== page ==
Click here to enlarge photos
House #
House Style
Size Ft2
Year Built
Earth-bermed & Stick Built (2x6 walls)
General Contractor
Sub-contractors (significant) & Type
Owner Bob Elk Alex Fonda, Lead carpenter
Janie Lewis, Stucco
C.J.Carter, Plumber
Scott Alexander, Foam insulation and roof membrane
Andy Osterhoff, Excavation, and site prep.
Primary E-Design Factors
Significant E-Products Used
R-49 roof insulation, R-26 walls
Passive solar design
Minimal site damage
Designed to be off grid (isn't at present)
Minimal light pollution
Used recycled doors and other products
Low maintenance
Few electronic devices that draw phantom loads
On-demand hot water
On-demand hot water Earth-berming and good insulation has made the house comfortable and very energy efficient. Size has proved spacious for two occupants, and reduced the amount of, and cost of materials used in construction.

The owner would not put the money in operable clerestory windows if building again, because this house stays cool enough in summer and does not need the extra ventilation.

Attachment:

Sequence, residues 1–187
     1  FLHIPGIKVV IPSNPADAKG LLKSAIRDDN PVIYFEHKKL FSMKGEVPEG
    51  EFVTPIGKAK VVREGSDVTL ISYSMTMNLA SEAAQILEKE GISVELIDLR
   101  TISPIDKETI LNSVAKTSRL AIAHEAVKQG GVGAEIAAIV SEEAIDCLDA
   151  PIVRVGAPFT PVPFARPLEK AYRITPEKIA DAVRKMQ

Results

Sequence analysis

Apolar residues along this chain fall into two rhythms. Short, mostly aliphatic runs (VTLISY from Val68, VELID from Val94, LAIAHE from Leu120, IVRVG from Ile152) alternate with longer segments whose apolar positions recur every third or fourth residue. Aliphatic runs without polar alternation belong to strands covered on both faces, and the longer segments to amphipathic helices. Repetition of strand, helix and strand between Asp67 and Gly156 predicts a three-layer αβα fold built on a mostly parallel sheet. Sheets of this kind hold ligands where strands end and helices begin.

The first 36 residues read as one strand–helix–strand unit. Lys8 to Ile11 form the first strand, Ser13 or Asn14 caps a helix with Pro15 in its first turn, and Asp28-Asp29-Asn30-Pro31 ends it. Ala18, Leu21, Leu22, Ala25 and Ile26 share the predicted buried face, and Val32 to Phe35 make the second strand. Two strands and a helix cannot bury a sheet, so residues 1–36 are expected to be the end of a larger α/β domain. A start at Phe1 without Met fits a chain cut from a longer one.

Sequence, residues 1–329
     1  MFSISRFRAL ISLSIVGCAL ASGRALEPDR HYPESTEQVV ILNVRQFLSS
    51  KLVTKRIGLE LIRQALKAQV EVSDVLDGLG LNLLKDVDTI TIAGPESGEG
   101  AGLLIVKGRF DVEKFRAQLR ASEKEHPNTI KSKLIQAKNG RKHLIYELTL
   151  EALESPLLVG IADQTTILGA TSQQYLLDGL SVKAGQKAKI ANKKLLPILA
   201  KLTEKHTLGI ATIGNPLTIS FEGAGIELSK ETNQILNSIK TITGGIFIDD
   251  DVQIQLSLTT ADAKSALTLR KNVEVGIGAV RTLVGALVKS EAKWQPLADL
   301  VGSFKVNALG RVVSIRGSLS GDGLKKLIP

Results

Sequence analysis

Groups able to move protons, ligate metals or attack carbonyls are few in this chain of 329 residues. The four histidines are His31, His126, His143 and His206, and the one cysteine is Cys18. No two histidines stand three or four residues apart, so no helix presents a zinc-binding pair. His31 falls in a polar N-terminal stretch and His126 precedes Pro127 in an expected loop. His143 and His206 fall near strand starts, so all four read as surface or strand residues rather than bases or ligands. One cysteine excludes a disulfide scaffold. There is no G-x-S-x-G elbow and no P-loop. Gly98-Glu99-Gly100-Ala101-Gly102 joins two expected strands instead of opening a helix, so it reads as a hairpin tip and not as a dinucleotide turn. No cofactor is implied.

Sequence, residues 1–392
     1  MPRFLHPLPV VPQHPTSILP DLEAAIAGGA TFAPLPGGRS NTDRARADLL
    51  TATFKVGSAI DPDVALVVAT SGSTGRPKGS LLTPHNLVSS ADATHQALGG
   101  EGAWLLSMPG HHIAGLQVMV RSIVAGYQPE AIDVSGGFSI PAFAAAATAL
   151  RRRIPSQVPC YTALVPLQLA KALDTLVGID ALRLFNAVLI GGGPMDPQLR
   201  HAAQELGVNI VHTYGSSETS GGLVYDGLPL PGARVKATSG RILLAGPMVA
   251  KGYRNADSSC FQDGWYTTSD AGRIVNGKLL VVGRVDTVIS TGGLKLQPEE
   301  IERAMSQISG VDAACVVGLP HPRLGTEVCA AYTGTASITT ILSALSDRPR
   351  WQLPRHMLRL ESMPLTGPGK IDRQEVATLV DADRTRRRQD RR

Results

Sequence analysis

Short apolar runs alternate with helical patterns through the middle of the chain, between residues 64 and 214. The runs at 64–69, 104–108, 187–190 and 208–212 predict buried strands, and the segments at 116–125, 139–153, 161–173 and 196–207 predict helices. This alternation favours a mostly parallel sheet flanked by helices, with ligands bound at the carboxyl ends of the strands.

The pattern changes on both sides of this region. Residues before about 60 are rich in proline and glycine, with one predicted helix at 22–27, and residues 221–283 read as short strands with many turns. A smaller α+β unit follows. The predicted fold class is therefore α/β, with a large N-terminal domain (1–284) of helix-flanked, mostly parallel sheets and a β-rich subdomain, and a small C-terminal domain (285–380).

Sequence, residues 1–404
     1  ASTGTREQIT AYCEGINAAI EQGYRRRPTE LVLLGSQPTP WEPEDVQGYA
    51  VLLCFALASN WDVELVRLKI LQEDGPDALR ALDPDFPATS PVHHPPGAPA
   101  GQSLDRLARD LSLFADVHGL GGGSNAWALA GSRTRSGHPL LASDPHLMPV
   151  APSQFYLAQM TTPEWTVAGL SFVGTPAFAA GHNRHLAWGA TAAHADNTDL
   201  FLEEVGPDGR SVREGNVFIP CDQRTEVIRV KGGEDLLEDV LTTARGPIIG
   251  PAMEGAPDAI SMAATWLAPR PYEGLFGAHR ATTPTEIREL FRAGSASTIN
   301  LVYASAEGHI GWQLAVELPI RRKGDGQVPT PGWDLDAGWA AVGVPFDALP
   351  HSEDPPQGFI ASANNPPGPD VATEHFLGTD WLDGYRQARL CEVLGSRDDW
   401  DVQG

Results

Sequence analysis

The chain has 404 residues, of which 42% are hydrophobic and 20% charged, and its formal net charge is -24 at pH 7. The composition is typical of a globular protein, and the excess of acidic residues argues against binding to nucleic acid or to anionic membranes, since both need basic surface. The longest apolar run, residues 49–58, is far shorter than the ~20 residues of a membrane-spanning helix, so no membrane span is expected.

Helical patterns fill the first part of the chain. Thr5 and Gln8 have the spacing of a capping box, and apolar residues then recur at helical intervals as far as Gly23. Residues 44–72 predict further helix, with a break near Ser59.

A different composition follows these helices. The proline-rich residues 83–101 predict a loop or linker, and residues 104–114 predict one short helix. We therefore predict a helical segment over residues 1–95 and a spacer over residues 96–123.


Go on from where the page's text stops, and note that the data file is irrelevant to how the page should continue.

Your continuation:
An energy efficient, low maintenance house. For it's size, it feels spacious.The house blends in well with the site. It does not blight the hilltop, like so many houses in the Methow. Due to good insulation, and passive solar orientation, the house has not been over 75˚ in summer, and uses only a small propane heater for back-up heating in winter (two extra propane heaters in the bedrooms have never been used). Electric bills have averaged $20–25/ month, and propane $600–700/ year. The garage floor is crushed rock; this minimizes the use of concrete, and lets water/snow drain away naturally. Nice rock work on the side of the berm. One of the best features of this house is the feel of comfort in the air. It feels warm, but not dry like many forced air homes in this dry climate The quality of light is pleasant because the clearstory windows balance the large amount of light coming in from the passive sun orientation side. The appliances in the kitchen were chosen with no digital displays. The resulting kitchen uses less energy and looks and feels serene.

Owner's Advice: If you build small, it will cost less and be finished sooner. Hers was built quickly. Think of planning to put the kitchen away from direct contact with south facing, passive solar windows. You will have less glare when cooking.